The battery pack on my ultrasonic thickness tester is dying.
It consists of six AA NiCd cells strapped together.
I went to Maplins this morning planning to get some new cells, but
virtually all their rechargeables are now Nimh or what they call
'hybrid'. They had a couple of NiCd cells but not enough, and they
seem to be discontinuing most of them. The gormless youths in charge
couldn't tell me anything useful about what these 'hybrids' are, or
how well either type would do as replacements for NiCd cells in kit
with a built-in charger.
Any suggestions how well they would work, especially with reference to
The charger is labelled 'NiCd charger for up to 10 cells, 50mA'
Tim, NiCD cells are out of favour now due to the Cadmium content and
associated disposal issues. The two replacements as you've found out
are the NiMH and Hybrid batteries.
NiMH works the same as NiCd but has a higher self discharge. This means
that if you leave it to one side fully charged, it will flatten itself
quicker than the NiCD which is about the only significant disadvantage.
The Hybrid batteries are NiMH batteries that have a different internal
construction which lowers the self discharge rate. They do, however,
have a lower capacity as a result.
Hybrid is better suited to things like clocks, air fresheners, the kind
of things that you want to stay charged for 6-12 months as the normal
NiMH would be flat in that time. RC models, digital cameras, and other
high drain / short turnround applications might benefit from NiMH but to
be honest I'm just using Hybrid for everything now.
The 50mA charger is a tiny trickle charge and is perfectly suitable for
the newer batteries, although it will take some time to charge up the
higher capacity batteries. To get a full charge into 2100mAh Hybrid
batteries from empty would take 3 days, but the bonus is you can leave
the thing connected on charge for as long as you like without damaging
Finally, if you are after hybrids, Wilkinsons do a bargain price on
Uniross Hybrio batteries, 4 x AA for a fiver, a lot less than Maplins.
Another place I've found helpful (they do tagged packs as well) is
NiMH cells are OK as a direct replacement for Nicad, the charging requirements
are close enough not to matter too much, especially at 50mA charge rate, which
is probably just a fixed resistor job.
AA Nicads are still very easily purchased, RS have tagged Nicads for £2.88 each
plus VAT, and other makes.
Dean at Multicell (01455 283443) will make you up a proper pack if you ask him,
we use them a lot for our 25-cell 7AH Nicad packs.
Peter & Rita Forbes
As a further comment, NiMH's are pretty immune to the 'memory'
problems associated with NiCd's. ie charge them from any discharge
state with impunity.
I doubt it matters for your application, but NiMH's have a more
gradual loss of voltage with discharge ie they loose more voltage
earlier whereas NiCd's are pretty flat until the last moment when they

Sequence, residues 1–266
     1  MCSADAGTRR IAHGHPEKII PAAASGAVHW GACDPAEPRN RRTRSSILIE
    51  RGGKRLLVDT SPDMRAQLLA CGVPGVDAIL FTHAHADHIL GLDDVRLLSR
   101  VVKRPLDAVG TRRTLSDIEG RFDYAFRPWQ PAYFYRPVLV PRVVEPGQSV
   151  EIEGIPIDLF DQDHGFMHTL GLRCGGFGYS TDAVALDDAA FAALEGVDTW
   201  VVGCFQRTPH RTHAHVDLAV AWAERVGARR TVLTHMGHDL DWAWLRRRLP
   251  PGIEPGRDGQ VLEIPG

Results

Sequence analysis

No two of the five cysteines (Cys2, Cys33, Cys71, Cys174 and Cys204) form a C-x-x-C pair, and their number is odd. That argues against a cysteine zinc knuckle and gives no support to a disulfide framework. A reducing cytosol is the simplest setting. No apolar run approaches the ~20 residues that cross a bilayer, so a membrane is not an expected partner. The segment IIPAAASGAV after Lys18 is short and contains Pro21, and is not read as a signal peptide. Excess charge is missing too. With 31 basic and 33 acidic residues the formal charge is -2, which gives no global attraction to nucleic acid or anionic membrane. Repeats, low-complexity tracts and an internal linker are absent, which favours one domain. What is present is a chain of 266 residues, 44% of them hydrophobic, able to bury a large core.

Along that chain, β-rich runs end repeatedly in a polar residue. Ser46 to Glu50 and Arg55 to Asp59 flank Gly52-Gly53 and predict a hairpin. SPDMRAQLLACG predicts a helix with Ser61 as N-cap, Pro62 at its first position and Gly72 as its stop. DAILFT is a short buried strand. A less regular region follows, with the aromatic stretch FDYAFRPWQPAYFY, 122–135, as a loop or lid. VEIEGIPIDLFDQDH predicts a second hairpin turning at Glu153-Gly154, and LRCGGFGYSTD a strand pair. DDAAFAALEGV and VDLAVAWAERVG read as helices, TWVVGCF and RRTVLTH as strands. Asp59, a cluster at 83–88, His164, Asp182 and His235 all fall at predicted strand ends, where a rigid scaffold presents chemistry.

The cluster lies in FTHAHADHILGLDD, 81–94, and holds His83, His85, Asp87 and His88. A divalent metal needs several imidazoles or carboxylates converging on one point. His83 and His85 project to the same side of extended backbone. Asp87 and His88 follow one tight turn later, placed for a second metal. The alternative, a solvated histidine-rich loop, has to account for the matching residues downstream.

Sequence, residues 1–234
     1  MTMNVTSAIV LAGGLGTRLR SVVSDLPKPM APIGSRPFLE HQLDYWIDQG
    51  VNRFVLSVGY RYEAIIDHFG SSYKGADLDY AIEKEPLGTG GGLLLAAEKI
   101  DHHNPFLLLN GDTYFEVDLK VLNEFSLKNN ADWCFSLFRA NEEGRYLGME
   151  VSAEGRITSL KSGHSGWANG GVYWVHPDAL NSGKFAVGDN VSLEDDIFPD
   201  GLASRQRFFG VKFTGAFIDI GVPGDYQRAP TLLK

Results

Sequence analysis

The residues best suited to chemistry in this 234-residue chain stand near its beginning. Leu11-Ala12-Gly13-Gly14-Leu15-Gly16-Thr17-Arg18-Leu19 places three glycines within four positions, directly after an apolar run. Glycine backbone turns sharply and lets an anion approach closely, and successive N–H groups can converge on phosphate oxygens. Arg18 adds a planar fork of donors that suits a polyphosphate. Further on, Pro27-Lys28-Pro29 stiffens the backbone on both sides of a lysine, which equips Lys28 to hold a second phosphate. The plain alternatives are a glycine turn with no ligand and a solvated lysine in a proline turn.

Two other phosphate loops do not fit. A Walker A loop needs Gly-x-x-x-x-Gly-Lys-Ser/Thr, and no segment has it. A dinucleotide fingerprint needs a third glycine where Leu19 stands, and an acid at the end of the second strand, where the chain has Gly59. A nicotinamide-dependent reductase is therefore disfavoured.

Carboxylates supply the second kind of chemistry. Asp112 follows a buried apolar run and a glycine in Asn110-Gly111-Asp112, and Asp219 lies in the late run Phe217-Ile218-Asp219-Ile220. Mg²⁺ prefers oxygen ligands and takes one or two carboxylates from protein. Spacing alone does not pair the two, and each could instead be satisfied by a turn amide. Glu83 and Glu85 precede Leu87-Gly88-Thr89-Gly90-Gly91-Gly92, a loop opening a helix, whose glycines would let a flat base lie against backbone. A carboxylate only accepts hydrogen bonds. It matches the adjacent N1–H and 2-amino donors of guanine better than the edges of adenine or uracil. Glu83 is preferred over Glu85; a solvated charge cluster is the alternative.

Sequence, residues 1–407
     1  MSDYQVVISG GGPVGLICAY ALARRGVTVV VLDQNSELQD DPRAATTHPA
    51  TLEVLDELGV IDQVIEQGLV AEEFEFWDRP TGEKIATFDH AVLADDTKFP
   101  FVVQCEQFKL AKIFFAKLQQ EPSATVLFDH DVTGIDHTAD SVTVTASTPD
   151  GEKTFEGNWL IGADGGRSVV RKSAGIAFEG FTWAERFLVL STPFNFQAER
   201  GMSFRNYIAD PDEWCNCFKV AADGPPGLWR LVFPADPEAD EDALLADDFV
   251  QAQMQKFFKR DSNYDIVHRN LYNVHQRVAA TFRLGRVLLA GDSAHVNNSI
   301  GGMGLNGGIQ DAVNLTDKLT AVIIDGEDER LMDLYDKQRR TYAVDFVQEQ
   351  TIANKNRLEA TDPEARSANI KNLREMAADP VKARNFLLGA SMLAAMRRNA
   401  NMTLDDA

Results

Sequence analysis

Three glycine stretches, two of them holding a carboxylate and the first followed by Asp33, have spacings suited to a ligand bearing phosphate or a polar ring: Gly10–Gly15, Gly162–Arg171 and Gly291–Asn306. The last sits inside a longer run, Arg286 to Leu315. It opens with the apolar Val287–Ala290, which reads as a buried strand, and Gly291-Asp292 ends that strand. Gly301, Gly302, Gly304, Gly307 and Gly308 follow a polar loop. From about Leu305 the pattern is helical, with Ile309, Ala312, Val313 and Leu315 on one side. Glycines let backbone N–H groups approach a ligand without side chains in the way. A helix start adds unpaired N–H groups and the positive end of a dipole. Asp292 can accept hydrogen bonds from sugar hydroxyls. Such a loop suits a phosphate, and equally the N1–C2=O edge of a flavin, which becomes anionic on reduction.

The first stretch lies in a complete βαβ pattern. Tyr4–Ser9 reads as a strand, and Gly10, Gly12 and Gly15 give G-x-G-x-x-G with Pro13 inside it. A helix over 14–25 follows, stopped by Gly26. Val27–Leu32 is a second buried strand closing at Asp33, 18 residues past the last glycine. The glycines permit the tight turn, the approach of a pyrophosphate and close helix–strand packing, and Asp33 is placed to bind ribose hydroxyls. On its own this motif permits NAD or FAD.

go dead in moments. This means you can see the discharge state more
accurately (from cell voltage), but on the other hand, if you have a
very voltage sensitive application you may not get as much use from a
NiMH as a NiCd of nominally the same capacity.
I do a fair bit of RC modelling and consequently bought a 'smart' or
Delta-Peak charger of which there are many available. They're not
hugely expensive (£15~60) depending on bells & whisltes and can charge
LiPo's NiMH's NiCd's from 1~8 cells and up to 6AH or so. I use it for
everything from the cordless drill to the camera as well as the models
as it gives a good indication of the health of the cells as well as
not over charging them. As noted earlier NiCd & NiMH's are quite
tolerant to overcharging, but it's better not to.
The standard continuous charge rate is C/10 or 50mA.
However, cell water/moisture loss can occur due to heating if they are enclosed,
so normally 14 hours is the longest you should leave them, assuming an unknown
state of charge at the beginning.
Note that AA cells are 600mAH these days, so 50mA is less that C/10 charge rate.
Dry AA cells are 1500mAH with less self-discharge, worth remembering.
Peter & Rita Forbes
The manual specifies a charge time of 16 hours, though I don't know
what the original battery capacity was. Those currently fitted are
I did try some time ago running the instrument from a 9V dry battery,
it didn't seem to like the higher voltage much!
Not for Nicads, that's NiMH you're referring to? I should have made that
Our bulk purchases are for 7AH Nicads and 4AH Nicads in 25-cell packs, we don't
regularly use the small stuff any longer.
Peter & Rita Forbes
_I_ am certainly thinking of NiCd's/NiMH's, but possibly the reference
from which I got the info was not. I'll try to look it out as it was
(apparently) directly relevant to my application (RC aircraft range)
and the curves shown were certainly nowhere as similar as your
reference - indeed the dissimilarity was the thrust of the article as
I can't remember at present where it was, but expect I've kept it
somewhere. It was what I perceived to be a reputable source, probably
the BMFA, but I'm not sure.
Thanks for the additional info.